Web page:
Pendleton to Beaverton

Today’s post is not about places as much as it is about the people I talked to in those places. I left Pendleton today about noonish and drove along the Columbia Gorge on I-84 toward Portland. It was dusty, terribly windy (gusts expected up to 70 mph, I heard), and dramatically beautiful once the dust cleared (the wind did not abate). My friend, Vivian, called the Columbia, “The Mighty Mother River,” and she is indeed. She is majestic, and today, for the first twenty miles the interstate traveled along her banks, I couldn’t see her, the dust was so thick. When I finally did see her, she was covered in white-caps. It made me think of goose-pimples.


But before I left Pendleton, I visited the Pendleton Woolen Mill and Store, and I strolled around on Main Street, Pendleton. The mill and store is beautiful, so many lovely things, but I couldn’t afford most of them. I did find a washable pure wool blanket, a second, with a small stain that I am sure I can get out, for 40% off. I bought it for the guest room, which is always cold. It’s a creamy natural wool, and I’m so pleased with my purchase.


I struck up a conversation with the clerk who helped me pick out the blanket. (If you followed this blog during the trip to Great Britain, you know I like talking to people.)

Lacie grew up in Pendleton, left, and came back. She told me a story about her grandmother and grandfather’s farm, how it was left to the wrong side of the family, and now is not being utilized as Lacie would like, if it had come to her. She told me about the way her grandmother and grandfather grew up, and where they went to school, and where her father went to school. I asked a lot of questions, and she answered every single one as best she could. She was utterly charming and helpful, and I enjoyed meeting her so very much. She also sent me down to the Heritage Center Museum to see the Byrd school. This was the school her grandmother attended out near Pilot Rock. The building has been moved to the Heritage Center and set up with chalkboard, teacher’s desk, wood stove, and pupils’ desks as is would have been when it was in use. I loved seeing it.  The interior picture was shot through the grimy glass of the door’s window; that’s why it’s so blurry.  Thanks to Lacie for being so patient with me and all my questions.


From the Heritage Center, I walked down Main Street. In the first block, I saw an older gentleman leaning against a post in front of a small store front. “Good morning,” he said, and I stopped and said hello. We exchanged pleasantries, and he ended up leading me into his store, called George’s Handmade Boots and Shoe Repair, and showing me his workshop. George Ziermann is an old-school craftsman. He makes hand-made-to-measure boots and shoes. Every boot and shoe is made on a last, and when George measures your feet, he measures them both, finds the last closest to your measurements, and then alters the last to fit your feet. Thus, your boots or shoes will fit you perfectly. George told me that his shop used to be in Baker City, Oregon, but when the bootmaker in Pendleton died, George bought out his stock and continued making a Pendleton boot on the pattern that had been used in that area for many, many years. When the Chamber of Commerce found out that George was still making the Pendleton boot, only in Baker City, they asked him to move to Pendleton. He did, and has been making boots in Pendleton for three years. George doesn’t own a computer, but he let me take his picture at his work bench, and holding a pair of boots he’s working on that are partially made of basketball leather.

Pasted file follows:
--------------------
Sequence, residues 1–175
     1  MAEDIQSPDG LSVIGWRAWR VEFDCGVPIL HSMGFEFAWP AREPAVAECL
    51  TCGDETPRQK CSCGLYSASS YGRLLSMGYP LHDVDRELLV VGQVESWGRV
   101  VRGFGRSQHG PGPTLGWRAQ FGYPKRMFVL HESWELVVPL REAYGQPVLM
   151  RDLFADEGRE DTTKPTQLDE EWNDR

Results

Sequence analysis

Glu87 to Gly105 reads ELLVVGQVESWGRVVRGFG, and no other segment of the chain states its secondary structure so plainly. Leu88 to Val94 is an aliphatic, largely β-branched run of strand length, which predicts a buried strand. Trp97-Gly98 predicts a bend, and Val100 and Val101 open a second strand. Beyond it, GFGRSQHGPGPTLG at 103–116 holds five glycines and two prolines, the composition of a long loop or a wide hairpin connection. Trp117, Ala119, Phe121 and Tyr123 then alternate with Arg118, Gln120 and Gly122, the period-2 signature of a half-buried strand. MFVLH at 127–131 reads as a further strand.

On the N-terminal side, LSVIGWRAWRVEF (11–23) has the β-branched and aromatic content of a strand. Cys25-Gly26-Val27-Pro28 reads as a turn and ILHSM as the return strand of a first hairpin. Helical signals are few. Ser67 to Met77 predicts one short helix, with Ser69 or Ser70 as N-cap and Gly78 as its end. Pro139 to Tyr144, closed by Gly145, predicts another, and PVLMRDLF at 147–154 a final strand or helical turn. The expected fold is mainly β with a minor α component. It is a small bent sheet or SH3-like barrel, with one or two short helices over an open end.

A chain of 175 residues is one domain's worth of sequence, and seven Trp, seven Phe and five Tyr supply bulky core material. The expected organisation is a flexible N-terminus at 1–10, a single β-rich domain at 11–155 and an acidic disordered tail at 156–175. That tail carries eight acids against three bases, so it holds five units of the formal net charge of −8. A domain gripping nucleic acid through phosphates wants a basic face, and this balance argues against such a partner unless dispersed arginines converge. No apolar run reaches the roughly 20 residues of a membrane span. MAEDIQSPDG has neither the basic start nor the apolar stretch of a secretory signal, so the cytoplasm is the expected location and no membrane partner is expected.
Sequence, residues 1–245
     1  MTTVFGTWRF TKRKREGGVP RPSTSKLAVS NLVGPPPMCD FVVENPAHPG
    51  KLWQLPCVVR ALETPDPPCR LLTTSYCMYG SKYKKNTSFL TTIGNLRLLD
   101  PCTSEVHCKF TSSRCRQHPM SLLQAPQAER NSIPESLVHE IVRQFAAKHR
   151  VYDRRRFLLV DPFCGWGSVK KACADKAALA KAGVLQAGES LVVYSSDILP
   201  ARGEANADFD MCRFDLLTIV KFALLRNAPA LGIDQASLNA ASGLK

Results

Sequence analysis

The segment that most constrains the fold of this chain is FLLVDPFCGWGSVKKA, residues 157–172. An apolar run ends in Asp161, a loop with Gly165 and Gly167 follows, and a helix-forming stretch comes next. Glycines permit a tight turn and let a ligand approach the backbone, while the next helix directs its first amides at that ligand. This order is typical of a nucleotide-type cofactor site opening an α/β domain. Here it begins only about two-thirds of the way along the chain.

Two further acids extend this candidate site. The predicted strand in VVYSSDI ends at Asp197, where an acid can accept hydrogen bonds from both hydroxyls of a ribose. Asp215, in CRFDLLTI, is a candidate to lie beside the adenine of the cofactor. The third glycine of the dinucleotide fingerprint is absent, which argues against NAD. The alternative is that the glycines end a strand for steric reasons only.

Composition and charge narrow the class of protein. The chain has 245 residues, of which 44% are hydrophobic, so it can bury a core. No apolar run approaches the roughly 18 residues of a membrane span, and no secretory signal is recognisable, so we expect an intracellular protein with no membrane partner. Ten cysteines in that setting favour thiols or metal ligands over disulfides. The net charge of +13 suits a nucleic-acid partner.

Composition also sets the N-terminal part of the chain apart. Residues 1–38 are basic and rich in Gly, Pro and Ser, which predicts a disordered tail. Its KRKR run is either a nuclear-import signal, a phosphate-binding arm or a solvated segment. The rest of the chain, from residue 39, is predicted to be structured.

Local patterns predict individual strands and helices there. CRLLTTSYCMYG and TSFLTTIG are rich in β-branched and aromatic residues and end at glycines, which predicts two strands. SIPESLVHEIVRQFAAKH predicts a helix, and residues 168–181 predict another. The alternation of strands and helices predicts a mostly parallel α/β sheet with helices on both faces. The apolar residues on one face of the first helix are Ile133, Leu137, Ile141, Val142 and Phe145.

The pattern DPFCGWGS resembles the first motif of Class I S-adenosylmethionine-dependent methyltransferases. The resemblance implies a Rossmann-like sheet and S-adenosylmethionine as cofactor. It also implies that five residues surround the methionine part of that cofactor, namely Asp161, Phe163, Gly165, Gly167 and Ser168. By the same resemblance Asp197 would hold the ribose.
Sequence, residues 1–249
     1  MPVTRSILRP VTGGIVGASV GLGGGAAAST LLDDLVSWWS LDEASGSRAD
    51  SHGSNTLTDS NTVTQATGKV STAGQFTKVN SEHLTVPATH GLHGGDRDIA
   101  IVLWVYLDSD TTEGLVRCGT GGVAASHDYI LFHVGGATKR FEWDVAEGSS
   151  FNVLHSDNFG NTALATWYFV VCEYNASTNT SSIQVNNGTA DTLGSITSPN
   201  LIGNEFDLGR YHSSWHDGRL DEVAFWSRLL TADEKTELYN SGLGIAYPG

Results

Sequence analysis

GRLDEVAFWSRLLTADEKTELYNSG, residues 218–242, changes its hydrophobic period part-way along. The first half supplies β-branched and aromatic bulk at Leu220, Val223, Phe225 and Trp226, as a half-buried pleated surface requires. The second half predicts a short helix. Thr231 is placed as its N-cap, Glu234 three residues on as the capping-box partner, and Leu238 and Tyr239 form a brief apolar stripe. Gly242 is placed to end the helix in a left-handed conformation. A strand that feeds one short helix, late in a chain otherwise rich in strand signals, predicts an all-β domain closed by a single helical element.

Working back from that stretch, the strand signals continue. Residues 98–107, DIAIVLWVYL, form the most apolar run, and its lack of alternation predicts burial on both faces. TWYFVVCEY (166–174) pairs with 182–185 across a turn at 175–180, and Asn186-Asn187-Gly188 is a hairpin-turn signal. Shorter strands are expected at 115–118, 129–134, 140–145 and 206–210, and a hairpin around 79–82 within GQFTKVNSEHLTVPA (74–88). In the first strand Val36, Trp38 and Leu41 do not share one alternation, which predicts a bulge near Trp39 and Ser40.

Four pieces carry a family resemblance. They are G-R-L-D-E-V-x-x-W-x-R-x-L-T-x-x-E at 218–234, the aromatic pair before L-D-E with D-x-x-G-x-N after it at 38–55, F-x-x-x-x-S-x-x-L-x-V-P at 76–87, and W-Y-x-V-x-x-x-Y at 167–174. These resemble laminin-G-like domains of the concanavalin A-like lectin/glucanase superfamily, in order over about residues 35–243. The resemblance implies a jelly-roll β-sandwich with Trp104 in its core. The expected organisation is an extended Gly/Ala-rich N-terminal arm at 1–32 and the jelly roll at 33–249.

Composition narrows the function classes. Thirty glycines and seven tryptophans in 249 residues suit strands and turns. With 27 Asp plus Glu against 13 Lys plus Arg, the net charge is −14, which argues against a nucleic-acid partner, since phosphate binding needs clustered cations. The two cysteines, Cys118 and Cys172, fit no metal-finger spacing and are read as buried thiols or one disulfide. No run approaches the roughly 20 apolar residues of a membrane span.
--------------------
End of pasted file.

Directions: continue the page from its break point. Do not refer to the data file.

George is ready to retire. He does a lot of work for veterans, and he’d like to see his shop made into a workshop where he could train disabled veterans to make boots. He’s got more work than he can handle. He told me he’s so behind, he could train several apprentices at once. But what he really wants is to see the workshop somehow funded by the V.A. and self-sustaining, and turning out bootmakers who know how to make boots the way he does.

I asked George if there was a diner in town that had been there for a long time. I need one for my story. He looked at me a little oddly and said that he hardly got out of the shop enough to know what was where, but there was a little diner just down Main Street that had been there for a long time. I couldn’t miss it, he said. There was a statue of Betty Boop outside on the sidewalk.

I left George with the promise that I would talk to a grant writer friend of mine and see what I could find out about his dream of a bootmaking training workshop for veterans, and headed down to the Main Street Diner. There was Betty, and inside was a sweet young waitress named Osa. Osa told me a little bit about her life while I had an early lunch. She’d moved away to Tacoma to go to college, and ended up coming back home afterwards to get her bearings. I asked her if she’d stay in Pendleton, and she said she didn’t think she’d live out her life there, but it was a good place, with family there, to regroup. When I mentioned that George had sent me there, she said, “Oh, we love George.” George was wrong, by the way, about how long the diner had been there. But that was okay, it was perfect for my needs. Osa said that lots of locals, the old men, come in for coffee in the morning. She knows them all. That was the kind of place I was looking for.